The South African Police Service (SAPS) that we are familiar with today has its origin after the Second Anglo-Boer War in 1902. Prior to the war each colony or Boer republic had its own law enforcement organisation. With the outbreak of the war in 1899 the Transvaal and Orange Free State police forces were called to active service in the Boer army, while the Cape Mounted Riflemen and Mounted Police, and the Natal Mounted Police were called to support the British.
In September 1900 Lord Roberts, commander-in-chief of the British forces, ordered Major General Baden-Powell develop a scheme for a Constabulary Force in the Transvaal and Orange Free State (OFS) that could begin to function in 1901, as he expected the war to be over by then. The police force would be divided into 4 divisions, 3 for the Transvaal and 1 for the OFS, but would not be responsible for everyday policing, as they would be taking part in the conflict.
At the cessation of hostilities, the Johannesburg and Pretoria areas were under the jurisdiction of the Transvaal Town Police, with the South African Constabulary (SAC) responsible for rural areas. These units were broken up in 1908 and replaced by the Transvaal and Orange River Police forces. With unification on 31 May 1910, colonial and city forces were still serving the country, but plans for a unified police service for the whole country were drawn up.
A conference between the police commissioners from all 4 provinces was called in August 1910, and a Draft Police Bill and regulations were drawn up for the Union. Colonel T. G. Truter, former commissioner of police in the Transvaal, was made commissioner of the new South African Union police force, with deputy commissioners servicing several other forces, like detectives, who reported to Truter. He also became Accounting Officer for the force in 1911, gaining financial control over the police force.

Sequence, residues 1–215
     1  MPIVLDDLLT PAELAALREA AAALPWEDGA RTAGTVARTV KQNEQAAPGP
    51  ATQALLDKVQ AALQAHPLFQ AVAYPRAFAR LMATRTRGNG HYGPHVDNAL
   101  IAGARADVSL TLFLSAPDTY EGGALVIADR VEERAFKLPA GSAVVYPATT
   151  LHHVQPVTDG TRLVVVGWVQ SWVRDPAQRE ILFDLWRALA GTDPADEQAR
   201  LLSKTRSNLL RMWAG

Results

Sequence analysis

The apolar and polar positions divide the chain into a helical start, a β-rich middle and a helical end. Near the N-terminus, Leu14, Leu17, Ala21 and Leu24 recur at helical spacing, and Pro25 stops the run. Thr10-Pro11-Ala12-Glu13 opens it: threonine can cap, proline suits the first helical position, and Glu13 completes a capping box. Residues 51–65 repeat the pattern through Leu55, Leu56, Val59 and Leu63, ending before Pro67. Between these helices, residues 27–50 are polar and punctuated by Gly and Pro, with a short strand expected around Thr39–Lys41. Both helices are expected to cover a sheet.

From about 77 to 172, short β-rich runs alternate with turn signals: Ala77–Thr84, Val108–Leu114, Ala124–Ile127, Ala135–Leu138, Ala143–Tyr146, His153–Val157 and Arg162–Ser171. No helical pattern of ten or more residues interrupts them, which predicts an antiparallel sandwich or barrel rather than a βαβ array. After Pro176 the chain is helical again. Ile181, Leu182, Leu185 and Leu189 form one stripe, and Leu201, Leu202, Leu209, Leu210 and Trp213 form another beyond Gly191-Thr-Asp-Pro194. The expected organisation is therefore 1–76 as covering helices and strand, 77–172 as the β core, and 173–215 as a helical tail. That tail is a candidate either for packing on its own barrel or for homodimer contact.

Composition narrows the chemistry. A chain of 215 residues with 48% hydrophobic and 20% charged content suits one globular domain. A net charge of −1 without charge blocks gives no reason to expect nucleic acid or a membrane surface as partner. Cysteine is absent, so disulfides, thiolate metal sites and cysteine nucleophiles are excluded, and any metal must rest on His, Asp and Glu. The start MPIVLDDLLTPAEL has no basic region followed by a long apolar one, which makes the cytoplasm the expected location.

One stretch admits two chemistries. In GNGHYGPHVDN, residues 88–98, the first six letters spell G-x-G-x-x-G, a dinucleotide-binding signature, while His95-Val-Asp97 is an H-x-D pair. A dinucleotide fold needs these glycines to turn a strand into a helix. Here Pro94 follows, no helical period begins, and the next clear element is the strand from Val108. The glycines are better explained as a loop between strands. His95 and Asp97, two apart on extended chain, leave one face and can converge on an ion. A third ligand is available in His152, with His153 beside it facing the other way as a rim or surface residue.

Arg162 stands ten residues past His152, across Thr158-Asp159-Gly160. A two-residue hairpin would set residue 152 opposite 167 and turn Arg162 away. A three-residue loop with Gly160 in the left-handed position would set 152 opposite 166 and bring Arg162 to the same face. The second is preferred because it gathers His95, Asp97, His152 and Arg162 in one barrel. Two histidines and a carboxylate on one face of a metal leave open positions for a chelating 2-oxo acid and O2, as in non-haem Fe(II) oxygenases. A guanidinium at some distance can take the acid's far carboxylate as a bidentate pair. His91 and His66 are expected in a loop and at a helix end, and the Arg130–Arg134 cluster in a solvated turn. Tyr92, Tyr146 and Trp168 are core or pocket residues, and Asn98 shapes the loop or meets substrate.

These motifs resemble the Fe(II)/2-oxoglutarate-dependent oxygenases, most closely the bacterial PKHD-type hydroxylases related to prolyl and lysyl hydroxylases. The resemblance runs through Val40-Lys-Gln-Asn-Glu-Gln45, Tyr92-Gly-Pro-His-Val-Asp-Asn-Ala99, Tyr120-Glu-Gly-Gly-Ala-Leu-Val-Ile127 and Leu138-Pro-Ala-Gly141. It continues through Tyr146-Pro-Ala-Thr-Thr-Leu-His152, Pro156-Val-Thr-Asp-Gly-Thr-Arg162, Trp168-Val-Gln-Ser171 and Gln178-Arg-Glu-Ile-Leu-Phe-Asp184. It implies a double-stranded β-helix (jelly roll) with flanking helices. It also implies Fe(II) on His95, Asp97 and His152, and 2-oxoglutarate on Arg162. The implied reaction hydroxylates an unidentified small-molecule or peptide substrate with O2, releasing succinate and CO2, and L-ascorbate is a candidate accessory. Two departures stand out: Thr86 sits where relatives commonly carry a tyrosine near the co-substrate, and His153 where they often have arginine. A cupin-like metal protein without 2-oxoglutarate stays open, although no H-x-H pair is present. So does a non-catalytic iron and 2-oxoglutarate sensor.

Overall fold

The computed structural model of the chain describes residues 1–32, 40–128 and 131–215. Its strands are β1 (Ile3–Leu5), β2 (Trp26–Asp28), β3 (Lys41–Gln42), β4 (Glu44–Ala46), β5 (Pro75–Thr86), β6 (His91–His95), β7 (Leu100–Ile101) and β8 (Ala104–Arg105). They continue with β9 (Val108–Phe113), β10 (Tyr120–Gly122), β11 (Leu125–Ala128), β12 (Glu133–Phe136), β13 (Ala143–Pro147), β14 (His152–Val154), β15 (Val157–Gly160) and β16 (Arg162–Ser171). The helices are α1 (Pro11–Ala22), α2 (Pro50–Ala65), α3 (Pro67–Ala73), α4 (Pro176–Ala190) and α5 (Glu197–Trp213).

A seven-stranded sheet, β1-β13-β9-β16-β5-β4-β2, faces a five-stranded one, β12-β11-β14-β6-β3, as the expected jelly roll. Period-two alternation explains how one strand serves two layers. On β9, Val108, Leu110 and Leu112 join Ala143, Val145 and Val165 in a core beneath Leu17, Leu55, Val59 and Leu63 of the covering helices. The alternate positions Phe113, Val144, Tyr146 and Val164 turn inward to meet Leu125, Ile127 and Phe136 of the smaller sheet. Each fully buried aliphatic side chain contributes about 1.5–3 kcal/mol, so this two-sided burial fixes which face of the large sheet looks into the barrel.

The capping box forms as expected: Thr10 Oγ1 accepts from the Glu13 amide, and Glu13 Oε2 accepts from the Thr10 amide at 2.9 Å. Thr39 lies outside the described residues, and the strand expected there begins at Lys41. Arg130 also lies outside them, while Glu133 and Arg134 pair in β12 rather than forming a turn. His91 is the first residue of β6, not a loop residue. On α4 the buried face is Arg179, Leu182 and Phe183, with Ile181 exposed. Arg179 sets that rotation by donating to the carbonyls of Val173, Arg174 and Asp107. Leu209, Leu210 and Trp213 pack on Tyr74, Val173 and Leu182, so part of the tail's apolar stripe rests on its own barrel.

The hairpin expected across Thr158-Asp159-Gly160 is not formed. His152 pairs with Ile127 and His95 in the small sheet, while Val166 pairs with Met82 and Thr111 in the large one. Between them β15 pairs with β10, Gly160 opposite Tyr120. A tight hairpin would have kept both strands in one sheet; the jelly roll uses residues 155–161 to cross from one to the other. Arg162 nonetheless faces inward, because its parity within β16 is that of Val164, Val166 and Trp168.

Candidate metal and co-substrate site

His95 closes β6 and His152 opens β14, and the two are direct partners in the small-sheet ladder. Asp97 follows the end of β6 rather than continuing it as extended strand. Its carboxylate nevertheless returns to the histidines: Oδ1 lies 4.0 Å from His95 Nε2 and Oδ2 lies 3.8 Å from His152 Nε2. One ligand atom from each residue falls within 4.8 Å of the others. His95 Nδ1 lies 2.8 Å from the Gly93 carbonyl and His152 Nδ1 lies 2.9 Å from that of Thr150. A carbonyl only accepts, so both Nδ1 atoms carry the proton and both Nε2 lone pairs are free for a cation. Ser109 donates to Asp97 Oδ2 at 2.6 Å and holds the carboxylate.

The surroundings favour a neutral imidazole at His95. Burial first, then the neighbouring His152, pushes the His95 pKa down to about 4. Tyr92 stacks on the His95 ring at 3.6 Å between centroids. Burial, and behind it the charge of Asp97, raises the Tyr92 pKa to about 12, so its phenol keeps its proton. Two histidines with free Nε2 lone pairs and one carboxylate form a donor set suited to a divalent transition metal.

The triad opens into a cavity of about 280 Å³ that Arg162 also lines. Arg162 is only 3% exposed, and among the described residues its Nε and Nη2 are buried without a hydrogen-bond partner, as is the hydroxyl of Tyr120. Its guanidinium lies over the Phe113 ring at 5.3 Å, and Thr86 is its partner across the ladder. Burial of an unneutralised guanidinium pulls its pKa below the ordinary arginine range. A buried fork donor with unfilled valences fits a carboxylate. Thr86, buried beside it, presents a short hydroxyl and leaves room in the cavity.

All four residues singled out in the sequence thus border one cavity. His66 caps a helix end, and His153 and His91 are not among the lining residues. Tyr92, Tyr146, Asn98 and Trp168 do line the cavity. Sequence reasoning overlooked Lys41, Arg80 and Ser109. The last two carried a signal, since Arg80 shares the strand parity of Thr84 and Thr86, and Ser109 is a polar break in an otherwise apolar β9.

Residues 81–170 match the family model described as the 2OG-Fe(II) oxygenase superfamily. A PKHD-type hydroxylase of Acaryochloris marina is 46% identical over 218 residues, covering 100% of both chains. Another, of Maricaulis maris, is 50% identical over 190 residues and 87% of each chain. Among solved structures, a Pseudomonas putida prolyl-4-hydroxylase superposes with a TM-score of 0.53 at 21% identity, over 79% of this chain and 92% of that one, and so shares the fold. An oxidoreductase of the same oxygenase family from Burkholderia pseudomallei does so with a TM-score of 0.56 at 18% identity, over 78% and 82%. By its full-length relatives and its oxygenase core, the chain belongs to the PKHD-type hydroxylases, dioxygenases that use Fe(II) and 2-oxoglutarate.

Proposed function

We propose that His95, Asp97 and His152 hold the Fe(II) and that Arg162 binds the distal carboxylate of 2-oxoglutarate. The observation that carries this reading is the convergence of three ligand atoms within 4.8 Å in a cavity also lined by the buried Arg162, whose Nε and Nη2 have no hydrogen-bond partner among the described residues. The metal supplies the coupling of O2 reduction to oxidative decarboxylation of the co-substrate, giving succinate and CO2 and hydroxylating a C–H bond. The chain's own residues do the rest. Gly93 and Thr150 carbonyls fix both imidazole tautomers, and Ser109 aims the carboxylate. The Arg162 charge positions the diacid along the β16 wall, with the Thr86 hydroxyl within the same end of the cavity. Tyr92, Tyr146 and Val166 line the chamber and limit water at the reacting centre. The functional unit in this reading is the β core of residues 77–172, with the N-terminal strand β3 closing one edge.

By the end of 1911 the police force was being restructured and divided into 2 forces namely the South African Police (SAP) and the South African Mounted Riflemen (SAMR). The first group would function normally under the Police Act, as police officers, and in war they would be conscripted according to the Defence Act, while the SAMR would be a regular military force with police duties during times of peace, especially in Black areas.
In 1911 General J. B. M. Hertzog, the Minister of Justice, took the Police Bill to its second reading. It was passed to the next year as it was closely tied with the Defense Bill that was still being prepared. In 1913 the Defense Act was passed and on 31 December of the same year authorisation for the establishment of a police force was given.
On 1 April 1913, shortly after the establishment of the SAP, a miners’ strike erupted on the Witwatersrand. The police force was still being restructured and when negotiations broke down, around 19 000 miners took part in mass action that turned violent on 5 July 1913. The SAP could not handle the situation alone and the military were called in. By the end of August police officers returned to their stations, but in November reinforcements had to be sent to Natal to suppress the Indian Passive Resistance campaign. In January 1914 another strike, this time mainly involving railways and mines, swept through the Witwatersrand, and officers from all over the country had to be deployed. Military assistance helped to again quell the labour action.
In 1922 the Rand Rebellion erupted with Witwatersrand gold-miners striking in revolutionary fashion. A number of police stations were taken over by miners, with police officers captured and besieged in Fordsburg and Brixton. Many of the miners had served in the First World War and had extensive military experience, preventing the police from restoring order until the Active Citizen Force was called into action.
The First World War
With the outbreak of the war the SAMR were called to service and the SAP assumed their responsibilities. 957 police officers were also assigned to the Defense Force for active duty, in the course of which 73 were killed.
Responsibilities and duties